Writer

author blogger copywriter technical writer travel writer technical author

Career outlook for

Figures and forecasts for roles at the same level, which require similar skills and qualifications.

Average UK salary

Currently employed in Scotland

Jobs forecast

This information is supplied by LMI For All, where data is currently available for Scotland.

What's it like?

You would write anything from novels, children’s books or poetry to travel guides and instruction manuals.

You could work for yourself writing novels, short stories, plays and poetry. You may wish to specialise in children’s books, travel or technical writing. You could also write for newspapers, magazines, radio, film or television. Publishing your work via social media, websites and blogs is another option.

Depending on your role, you might:

  • Choose your subject based on your own interests or on a commission given by agents or publishers
  • Come up with themes, ideas and plots
  • Research information using the internet, libraries and interviews
  • Submit your draft to publishers and agents
  • Edit your work after getting feedback
  • Chase publishing opportunities

As a successful published author, you might go to book signings, readings and discussions of your work, or run writing workshops. You could also write reviews of food, literature, film or theatre. 

You might like to become a technical writer, writing instruction manuals for a range of products from computers to kitchen appliances. You could also write online guides to IT services and products.

You may be interested in working as a travel writer, creating guide books, features, hotel reviews or travel novels. Writing travel blogs, articles for websites and social media posts could also be part of your job.

Entry into some writing careers can be very competitive, and many writers - especially novelists and poets - also need another job to support themselves. 

Whatever type of writing you do, it could be useful to develop an understanding of copyright law.

Working conditions

Hours

You would probably work on a self-employed, freelance basis. You could choose your own working hours, although you may still have to meet publishing deadlines.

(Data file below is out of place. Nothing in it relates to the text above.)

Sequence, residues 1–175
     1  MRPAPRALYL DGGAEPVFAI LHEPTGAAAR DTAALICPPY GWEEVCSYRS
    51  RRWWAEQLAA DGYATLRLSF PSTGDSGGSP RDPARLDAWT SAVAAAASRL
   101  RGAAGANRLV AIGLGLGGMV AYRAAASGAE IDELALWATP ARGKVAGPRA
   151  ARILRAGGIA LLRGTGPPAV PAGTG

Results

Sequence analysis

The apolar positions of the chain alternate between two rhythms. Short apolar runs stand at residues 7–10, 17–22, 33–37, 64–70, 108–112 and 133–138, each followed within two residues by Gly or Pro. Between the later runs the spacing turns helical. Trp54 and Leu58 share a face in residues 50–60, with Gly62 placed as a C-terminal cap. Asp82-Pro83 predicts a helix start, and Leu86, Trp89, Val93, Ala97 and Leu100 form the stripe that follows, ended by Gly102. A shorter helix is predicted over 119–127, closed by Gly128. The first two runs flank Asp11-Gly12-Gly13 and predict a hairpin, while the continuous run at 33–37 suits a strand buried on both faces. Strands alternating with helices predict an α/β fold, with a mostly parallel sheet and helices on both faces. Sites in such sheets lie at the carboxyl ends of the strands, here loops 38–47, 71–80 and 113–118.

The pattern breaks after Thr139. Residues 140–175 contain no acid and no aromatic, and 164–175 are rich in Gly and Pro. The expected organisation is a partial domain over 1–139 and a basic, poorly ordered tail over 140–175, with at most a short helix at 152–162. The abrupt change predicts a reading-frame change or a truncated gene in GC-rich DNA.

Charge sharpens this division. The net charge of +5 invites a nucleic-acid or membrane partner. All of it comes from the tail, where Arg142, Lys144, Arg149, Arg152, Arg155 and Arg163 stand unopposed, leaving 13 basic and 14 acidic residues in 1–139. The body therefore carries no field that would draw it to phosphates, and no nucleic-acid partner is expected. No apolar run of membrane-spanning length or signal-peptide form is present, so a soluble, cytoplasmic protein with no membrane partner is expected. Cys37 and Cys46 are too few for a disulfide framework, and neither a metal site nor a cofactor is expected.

Environment

You would usually work from home.

UK employment status

Full-time

Part-time

Self employed

People behind the job

Meet real people who’ve done this job – hear their stories and the path they took to get there.

Here are some of the skills needed for this job. Sign in to see how your skills match up.

  • Communicating ideas through writing
  • Working on your own
  • Using computers
  • Researching and investigating
  • Coming up with new ideas
  • Being creative
  • Time management

Build your skills

Your skills can help you choose the career that’s right for you. You can build your skills through work, study or activities you do in your spare time.

To understand more, have a look at what are my skills?

Keep track of your skills in your account and find the jobs, opportunities and courses that suit you.

Click here to view / add your skills

Getting in

Entry requirements for courses can change. Always contact the college, university or training provider to check exactly what you’ll need.

Qualifications

There is no set path into this career; some authors study at college or university in subjects such as English literature, Creative writing or other social science subjects.

You can enter Higher National Certificate (SCQF level 7) or Higher National Diploma courses (SCQF level 8) with National 4/5 qualifications and one to two Highers or equivalent qualifications.

To enter a degree (SCQF level 9/10) usually requires National 5 qualifications and a minimum of four Highers or a relevant HNC/HND.

Useful subjects

  • English (required by most courses) 
  • Maths
  • Social studies
  • Administration
  • ICT

Helpful to have

It can be useful to attend evening classes in creative writing. The Arvon Foundation provides residential courses in creative writing. 

If you would like to become a published writer there are things you can do to help promote yourself:

  • joining a writers club to get support and feedback on your work
  • entering competitions can raise your profile as a writer
  • blogging or developing your own website are good ways of getting your writing known by others.

You could try sending editors of journals short stories or articles.

You could also follow other writers and publishers and post comments or ask questions. blogging, facebook, LinkedIn and Twitter can be a good way of networking and marketing yourself.

For some technical writing roles some publishers may prefer you have a background in the industry e.g. specialist engineering.